Admittedly the HEC catch isn't that great; it lacks the stability of the other contemporary designs as well as versatility, it cannot be put in backwards due to how it works or in many of the applications the plate catches can as it requires a catch face. I circumvented the strength issue by using thicker polycarb but stability can't really have much done for it. I think it's still worth using if not just experimenting with, luckily I have about 15 pounds of polycarb with which to do so.

I tried this out while I was in Minnesota, and I can confirm that it is nifty. The priming is very smooth, as smooth as a PAC.

This happens every time I build something. I don't know how he affords it or knows every time.
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#7 Meaker VI

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Posted 19 September 2012 - 11:45 AM

Took me reading through it again to see exactly what's going on, but that's a pretty slick method of priming the blaster. It'd be helpful if you had pictures of completed components, rather than just close-ups of what you're working on, or one with everything laid out; as in many of BoltSniper's builds. I really like how clean it looks with everything internal; I had tried something like that and it failed because I was trying to push the plunger head with 1" PVC.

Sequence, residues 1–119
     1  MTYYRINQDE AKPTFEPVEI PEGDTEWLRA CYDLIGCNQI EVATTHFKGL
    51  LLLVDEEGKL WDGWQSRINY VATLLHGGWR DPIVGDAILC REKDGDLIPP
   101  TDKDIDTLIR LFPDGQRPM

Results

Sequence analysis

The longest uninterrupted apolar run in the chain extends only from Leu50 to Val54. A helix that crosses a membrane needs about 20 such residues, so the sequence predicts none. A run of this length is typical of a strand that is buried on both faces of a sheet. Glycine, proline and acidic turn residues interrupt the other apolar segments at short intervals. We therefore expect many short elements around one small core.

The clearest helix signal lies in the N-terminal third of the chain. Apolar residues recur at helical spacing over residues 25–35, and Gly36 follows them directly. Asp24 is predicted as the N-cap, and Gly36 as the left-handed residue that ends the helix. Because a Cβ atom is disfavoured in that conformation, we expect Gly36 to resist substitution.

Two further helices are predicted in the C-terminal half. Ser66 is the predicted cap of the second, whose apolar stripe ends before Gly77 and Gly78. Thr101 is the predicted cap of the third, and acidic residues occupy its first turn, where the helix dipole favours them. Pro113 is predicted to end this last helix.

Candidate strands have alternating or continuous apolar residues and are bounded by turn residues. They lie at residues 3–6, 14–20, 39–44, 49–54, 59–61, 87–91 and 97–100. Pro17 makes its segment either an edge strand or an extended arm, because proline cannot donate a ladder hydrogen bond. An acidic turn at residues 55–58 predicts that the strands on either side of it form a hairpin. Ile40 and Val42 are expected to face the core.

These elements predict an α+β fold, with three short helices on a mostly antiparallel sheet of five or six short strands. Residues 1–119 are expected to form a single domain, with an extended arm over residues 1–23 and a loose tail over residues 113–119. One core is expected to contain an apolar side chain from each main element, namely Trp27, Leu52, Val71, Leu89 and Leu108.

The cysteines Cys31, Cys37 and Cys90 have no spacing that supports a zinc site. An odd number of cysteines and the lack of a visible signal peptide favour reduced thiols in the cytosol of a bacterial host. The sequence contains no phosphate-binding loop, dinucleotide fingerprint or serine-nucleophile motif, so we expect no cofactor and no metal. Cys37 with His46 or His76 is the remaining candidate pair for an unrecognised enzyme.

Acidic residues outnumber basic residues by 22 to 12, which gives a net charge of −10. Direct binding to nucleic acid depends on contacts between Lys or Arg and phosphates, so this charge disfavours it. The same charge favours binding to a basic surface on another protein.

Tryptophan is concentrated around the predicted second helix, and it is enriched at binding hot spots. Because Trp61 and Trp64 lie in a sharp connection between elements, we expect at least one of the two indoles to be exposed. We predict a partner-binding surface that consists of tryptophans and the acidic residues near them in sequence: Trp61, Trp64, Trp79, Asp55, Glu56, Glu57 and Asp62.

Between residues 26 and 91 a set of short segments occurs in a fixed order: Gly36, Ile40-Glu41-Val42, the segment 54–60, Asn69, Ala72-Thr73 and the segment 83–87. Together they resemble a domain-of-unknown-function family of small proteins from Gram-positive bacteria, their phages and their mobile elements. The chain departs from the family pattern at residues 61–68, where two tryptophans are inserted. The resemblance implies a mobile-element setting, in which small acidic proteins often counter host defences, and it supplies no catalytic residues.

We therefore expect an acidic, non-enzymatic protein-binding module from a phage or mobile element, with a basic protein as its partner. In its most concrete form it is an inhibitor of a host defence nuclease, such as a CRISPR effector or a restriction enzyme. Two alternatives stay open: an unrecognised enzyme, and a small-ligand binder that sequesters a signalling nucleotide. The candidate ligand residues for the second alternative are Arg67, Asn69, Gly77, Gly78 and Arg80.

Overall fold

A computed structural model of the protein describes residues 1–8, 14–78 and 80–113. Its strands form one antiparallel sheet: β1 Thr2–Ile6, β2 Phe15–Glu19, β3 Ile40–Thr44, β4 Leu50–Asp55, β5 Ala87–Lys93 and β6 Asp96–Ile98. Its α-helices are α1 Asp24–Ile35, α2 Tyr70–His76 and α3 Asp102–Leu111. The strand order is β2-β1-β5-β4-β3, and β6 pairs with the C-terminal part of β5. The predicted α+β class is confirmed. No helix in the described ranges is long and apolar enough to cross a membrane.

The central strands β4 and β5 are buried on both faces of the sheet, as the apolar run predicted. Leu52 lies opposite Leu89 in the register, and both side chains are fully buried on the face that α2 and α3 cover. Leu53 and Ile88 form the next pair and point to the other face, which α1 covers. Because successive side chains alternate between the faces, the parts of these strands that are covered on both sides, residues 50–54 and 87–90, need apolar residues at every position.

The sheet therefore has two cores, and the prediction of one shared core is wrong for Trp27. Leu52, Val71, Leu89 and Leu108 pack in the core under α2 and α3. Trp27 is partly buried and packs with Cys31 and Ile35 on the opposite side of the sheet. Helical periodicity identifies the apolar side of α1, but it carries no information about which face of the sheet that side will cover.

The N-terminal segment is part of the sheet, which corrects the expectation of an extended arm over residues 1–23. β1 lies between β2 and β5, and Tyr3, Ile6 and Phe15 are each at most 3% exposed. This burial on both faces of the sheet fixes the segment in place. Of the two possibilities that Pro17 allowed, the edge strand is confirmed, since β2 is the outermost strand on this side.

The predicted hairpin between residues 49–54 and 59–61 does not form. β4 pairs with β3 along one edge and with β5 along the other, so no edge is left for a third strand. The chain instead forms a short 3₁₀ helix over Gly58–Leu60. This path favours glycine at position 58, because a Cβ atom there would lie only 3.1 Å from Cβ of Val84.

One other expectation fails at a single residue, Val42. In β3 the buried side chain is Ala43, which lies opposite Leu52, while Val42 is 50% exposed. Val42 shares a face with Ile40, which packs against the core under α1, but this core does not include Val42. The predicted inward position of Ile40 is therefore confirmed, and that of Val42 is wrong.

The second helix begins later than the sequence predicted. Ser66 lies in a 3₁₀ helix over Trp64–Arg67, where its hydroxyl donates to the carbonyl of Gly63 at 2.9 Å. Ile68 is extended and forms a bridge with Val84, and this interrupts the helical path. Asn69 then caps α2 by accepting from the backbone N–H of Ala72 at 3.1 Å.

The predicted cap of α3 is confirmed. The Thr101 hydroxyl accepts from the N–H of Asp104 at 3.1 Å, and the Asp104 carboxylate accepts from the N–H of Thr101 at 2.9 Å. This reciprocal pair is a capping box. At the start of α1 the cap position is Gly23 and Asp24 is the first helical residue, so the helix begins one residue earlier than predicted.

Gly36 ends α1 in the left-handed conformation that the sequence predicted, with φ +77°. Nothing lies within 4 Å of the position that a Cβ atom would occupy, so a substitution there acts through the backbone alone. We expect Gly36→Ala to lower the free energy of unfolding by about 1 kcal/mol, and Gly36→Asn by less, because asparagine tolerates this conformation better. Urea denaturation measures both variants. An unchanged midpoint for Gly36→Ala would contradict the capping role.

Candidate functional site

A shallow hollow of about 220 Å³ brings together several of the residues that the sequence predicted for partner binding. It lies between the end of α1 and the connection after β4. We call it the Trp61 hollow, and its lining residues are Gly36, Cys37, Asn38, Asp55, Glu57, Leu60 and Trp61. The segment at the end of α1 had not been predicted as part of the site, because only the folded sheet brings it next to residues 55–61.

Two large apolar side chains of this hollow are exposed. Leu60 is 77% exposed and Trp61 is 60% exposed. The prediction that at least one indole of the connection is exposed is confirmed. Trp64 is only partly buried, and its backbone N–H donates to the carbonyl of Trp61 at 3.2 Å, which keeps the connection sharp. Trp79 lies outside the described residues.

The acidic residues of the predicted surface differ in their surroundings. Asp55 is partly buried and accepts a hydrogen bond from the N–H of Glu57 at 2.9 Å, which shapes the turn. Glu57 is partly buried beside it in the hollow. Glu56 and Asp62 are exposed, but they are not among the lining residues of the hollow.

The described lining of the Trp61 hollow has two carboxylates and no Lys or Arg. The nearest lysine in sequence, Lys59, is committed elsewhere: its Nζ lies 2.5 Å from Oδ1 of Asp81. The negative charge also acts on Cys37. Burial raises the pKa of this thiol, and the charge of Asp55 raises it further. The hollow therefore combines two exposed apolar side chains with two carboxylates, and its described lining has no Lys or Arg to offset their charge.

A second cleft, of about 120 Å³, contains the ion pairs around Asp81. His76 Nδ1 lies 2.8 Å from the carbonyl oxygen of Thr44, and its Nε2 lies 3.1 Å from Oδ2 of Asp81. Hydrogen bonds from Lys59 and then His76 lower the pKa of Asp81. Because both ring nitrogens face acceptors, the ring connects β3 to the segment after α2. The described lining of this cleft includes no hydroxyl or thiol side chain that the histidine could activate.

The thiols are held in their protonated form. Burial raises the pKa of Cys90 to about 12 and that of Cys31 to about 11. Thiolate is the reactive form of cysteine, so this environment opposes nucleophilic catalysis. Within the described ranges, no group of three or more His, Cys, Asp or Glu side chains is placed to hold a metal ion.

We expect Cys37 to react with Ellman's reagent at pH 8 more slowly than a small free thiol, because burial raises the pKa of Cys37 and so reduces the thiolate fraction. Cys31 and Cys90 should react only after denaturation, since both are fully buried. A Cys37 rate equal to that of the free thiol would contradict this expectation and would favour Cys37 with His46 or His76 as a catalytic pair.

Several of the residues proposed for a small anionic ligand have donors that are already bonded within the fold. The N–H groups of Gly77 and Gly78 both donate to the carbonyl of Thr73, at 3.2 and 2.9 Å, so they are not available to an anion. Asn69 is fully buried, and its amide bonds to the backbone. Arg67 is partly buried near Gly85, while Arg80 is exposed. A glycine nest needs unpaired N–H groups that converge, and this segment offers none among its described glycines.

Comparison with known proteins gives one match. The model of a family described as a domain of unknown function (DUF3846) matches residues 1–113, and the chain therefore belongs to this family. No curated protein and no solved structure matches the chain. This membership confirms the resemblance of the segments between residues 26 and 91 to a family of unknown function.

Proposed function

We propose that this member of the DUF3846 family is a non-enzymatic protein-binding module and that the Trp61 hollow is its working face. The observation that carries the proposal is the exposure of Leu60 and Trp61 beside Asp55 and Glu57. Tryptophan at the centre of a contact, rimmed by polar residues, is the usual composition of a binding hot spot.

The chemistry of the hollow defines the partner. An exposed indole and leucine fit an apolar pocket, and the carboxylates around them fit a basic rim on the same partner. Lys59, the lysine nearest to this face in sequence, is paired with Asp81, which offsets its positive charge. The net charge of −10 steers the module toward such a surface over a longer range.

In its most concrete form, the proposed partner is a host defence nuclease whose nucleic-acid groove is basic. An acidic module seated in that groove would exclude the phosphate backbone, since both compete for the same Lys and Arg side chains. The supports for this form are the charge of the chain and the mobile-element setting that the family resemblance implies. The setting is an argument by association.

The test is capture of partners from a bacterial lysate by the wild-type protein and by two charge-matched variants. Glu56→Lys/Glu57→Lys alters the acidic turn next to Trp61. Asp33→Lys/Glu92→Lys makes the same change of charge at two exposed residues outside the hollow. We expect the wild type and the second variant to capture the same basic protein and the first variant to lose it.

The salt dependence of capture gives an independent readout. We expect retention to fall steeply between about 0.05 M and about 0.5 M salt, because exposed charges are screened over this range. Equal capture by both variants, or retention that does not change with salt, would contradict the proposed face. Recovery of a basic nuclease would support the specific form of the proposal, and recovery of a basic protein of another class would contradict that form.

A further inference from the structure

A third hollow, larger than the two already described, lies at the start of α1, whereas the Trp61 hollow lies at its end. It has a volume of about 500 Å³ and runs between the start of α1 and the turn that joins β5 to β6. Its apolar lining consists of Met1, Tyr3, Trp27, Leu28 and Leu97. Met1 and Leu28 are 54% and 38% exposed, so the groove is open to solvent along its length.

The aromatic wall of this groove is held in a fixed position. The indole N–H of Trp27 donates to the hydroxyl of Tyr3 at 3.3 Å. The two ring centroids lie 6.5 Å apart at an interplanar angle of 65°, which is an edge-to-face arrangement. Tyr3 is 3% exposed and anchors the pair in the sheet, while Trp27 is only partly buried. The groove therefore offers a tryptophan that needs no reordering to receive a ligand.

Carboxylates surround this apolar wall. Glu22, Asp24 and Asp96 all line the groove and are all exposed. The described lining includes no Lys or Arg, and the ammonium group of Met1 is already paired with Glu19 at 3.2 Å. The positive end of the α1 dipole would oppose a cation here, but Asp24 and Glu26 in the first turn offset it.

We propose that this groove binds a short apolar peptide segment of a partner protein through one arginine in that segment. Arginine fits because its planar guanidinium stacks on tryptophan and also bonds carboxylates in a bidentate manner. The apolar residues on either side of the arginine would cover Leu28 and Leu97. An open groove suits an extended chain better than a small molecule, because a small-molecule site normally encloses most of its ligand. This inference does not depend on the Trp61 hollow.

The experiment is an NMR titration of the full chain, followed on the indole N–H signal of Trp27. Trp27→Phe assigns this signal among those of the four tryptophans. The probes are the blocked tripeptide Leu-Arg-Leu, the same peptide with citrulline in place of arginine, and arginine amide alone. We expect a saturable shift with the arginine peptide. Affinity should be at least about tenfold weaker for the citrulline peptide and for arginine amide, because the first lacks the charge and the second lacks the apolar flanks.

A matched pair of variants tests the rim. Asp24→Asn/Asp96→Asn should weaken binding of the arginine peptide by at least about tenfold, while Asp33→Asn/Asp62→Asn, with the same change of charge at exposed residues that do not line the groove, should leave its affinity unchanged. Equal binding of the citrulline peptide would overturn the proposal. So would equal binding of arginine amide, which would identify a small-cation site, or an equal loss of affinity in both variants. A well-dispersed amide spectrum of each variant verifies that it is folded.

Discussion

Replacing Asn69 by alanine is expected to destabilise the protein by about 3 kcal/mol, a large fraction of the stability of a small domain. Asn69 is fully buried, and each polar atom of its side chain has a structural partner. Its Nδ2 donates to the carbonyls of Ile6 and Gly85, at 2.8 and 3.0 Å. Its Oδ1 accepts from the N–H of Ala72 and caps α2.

Do you think it'd be possible to nest the barrel and the priming rod to shrink the profile even more?

Edit: Grammer

Edited by Meaker VI, 19 September 2012 - 06:26 PM.

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#8 atomatron

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Posted 19 September 2012 - 06:23 PM

Took me reading through it again to see exactly what's going on, but that's a pretty slick method of priming the blaster. It'd be help if you had pictures of completed components, rather than just close-ups of what you're working on, or one with everything laid out; as in many of BoltSniper's builds. I really like how clean it looks with everything internal; I had tried something like that and it failed because I was trying to push the plunger head with 1" PVC.

Do you think it'd be possible to nest the barrel and the priming rod to shrink the profile even more?

I'll just be building a clear one some day.

If you felt like using a weird breech setup and found another way of attaching the pump handle to the PVC then it would work.